Credit: George Danby / BDN

The BDN Opinion section operates independently and does not set newsroom policies or contribute to reporting or editing articles elsewhere in the newspaper or on

Linda Wiggins-Chavis is a Faith in Florida Organizer in Hillsborough County, Florida. This column was produced for Progressive Perspectives, which is run by The Progressive magazine, and distributed by Tribune News Service.

On March 29, President Joe Biden signed the Emmett Till Antilynching Act, making lynching a federal hate crime. Though we celebrate this historic moment, many are left questioning why this legislation took more than 100 years to enact.

Lynching was a “Southern horror” which became widespread not long after slavery ended. From the 1880s to the 1960s, white mobs terrorized and hanged thousands of Black people. In addition to the everyday occurrences of racial violence perpetrated during this era, racial terrorists tortured, mutilated, decapitated and desecrated Black people, including children. Some were burned alive, and some had their genitals cut off and given away as souvenirs.

Announcements  of upcoming lynchings were made during church services, photos were taken, postcards were printed for posterity and entire families attended as if lynching were a spectator sport.

The public display of these tortured bodies was used as a form of psychological intimidation and control to force Black people to remain subservient to systems of white supremacy that have oppressed us ever since the first slave ship landed in Jamestown, Virginia, in 1619.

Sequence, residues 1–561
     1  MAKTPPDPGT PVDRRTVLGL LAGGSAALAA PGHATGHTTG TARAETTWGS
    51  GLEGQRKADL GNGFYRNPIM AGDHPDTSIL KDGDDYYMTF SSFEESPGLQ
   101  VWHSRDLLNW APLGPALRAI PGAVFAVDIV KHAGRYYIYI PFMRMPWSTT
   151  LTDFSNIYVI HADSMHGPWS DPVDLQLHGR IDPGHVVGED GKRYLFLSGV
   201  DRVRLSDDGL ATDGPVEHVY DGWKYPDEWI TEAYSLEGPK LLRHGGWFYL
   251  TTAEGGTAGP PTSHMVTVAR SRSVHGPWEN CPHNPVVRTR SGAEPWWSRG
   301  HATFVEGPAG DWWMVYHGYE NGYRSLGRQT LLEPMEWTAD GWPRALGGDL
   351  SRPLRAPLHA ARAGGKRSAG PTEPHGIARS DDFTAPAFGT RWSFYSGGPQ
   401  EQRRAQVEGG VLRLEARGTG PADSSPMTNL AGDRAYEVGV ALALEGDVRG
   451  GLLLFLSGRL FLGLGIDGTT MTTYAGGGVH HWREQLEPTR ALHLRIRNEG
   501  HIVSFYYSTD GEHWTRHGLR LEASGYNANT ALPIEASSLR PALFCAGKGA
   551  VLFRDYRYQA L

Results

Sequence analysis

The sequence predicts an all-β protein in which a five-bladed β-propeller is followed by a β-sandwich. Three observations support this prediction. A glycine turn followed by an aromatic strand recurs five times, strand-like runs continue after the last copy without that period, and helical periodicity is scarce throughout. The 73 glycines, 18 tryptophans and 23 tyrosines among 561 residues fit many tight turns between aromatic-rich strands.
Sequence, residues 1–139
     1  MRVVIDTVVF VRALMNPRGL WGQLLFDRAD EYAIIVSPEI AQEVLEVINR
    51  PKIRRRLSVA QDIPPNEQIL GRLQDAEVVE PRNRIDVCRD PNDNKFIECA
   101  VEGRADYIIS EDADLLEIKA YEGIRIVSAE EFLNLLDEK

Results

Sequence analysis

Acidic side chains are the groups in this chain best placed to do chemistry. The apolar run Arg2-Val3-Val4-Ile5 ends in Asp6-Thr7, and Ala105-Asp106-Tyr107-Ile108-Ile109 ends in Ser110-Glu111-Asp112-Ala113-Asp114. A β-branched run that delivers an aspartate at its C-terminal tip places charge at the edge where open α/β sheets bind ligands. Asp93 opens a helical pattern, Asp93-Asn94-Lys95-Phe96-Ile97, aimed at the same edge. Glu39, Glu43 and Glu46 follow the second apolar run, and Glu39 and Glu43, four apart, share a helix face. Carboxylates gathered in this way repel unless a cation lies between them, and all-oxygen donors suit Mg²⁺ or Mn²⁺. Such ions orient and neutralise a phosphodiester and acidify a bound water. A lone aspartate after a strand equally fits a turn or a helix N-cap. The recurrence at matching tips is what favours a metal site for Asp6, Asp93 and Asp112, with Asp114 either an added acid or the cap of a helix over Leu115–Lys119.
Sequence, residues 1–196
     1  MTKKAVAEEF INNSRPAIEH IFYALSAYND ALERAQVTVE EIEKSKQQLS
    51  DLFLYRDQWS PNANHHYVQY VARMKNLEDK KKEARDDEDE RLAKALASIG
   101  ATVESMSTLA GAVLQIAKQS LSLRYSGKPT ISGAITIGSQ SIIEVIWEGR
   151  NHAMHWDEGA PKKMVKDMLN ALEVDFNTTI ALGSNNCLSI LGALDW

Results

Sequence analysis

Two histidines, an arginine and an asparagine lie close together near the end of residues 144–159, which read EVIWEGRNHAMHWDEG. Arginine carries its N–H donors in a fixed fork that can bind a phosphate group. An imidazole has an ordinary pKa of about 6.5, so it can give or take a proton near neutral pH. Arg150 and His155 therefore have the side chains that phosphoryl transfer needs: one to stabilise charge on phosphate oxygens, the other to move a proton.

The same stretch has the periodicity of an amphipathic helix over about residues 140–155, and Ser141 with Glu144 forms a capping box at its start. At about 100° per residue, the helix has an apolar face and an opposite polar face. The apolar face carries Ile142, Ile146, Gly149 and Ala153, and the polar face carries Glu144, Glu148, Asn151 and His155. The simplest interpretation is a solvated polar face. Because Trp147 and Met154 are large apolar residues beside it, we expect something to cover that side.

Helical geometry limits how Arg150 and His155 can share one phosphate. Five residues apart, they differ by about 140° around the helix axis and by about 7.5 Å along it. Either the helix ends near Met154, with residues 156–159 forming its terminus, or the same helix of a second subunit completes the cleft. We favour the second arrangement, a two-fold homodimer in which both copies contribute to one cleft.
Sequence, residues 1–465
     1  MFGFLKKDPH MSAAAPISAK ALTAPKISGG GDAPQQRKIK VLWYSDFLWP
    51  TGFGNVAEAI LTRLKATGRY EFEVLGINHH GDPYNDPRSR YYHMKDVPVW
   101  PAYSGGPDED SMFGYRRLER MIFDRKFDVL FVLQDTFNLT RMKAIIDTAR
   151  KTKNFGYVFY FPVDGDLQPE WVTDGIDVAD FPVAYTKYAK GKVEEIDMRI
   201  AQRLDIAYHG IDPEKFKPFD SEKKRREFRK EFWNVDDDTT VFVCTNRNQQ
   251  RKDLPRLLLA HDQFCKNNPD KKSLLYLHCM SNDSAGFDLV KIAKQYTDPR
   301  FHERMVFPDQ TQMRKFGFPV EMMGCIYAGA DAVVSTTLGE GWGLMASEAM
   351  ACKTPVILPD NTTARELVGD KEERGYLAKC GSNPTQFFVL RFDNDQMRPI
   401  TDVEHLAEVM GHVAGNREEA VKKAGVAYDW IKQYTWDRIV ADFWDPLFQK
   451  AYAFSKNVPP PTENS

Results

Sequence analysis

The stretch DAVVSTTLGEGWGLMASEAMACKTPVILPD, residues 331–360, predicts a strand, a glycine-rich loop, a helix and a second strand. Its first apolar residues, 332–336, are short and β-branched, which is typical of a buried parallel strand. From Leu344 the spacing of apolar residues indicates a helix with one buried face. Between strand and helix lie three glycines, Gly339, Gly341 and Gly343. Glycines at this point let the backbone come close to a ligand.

There were nearly 6,500 documented lynchings between 1865 and 1950, and many more remain undocumented. Yet Congress has failed to pass this bill more than 200 times. It was not until the murders of Ahmaud Arbery, Breonna Taylor and George Floyd, which brought a racial reckoning movement to the United States, that the anti-lynching bill was brought back into consideration, more than a century later.

Emmett Till’s killers, half-brothers Roy Bryant and J.W. Milam, were acquitted by an all-white, all-male jury in 1955. Emmett Till’s accuser, Carolyn Bryant, still walks free. Even with the passing of this act, Till’s family is still seeking justice for his murder.

Though we don’t experience the same form of lynching as our ancestors, there are still “modern-day lynchings” of unarmed victims killed by purveyors of racial terror and the police, including Trayvon Martin, Sandra Bland, Michael Brown, Tamir Rice and others.

While this act imposes criminal penalties on civilians, it does nothing to safeguard the Black community against police officers who kill unarmed victims with impunity and avoid accountability due to the protection provided by qualified immunity. This legal doctrine shields law enforcement officers from being sued for violating a person’s constitutional rights, unless those rights are “clearly established.”

Alongside the Emmett Till Antilynching Act, additional legislation must be passed to fully protect Black lives. In 2020, members of the Congressional Black Caucus proposed the George Floyd Justice in Policing Act. But because it challenged this practice of qualified immunity, it was not passed by the Senate.

The passage of the Emmett Till Antilynching Act is tainted by the stains of U.S. history. Stains that mark the torture and pain suffered by countless Black Americans. Stains that mark the agony of mothers who have had to bury their children while never seeing justice served. Stains that mark the ways in which white supremacy devalues brown skin. Stains that continually say that we are less than human.

Stains that must be wiped away by the “arc of the moral universe” as we continue to work toward justice.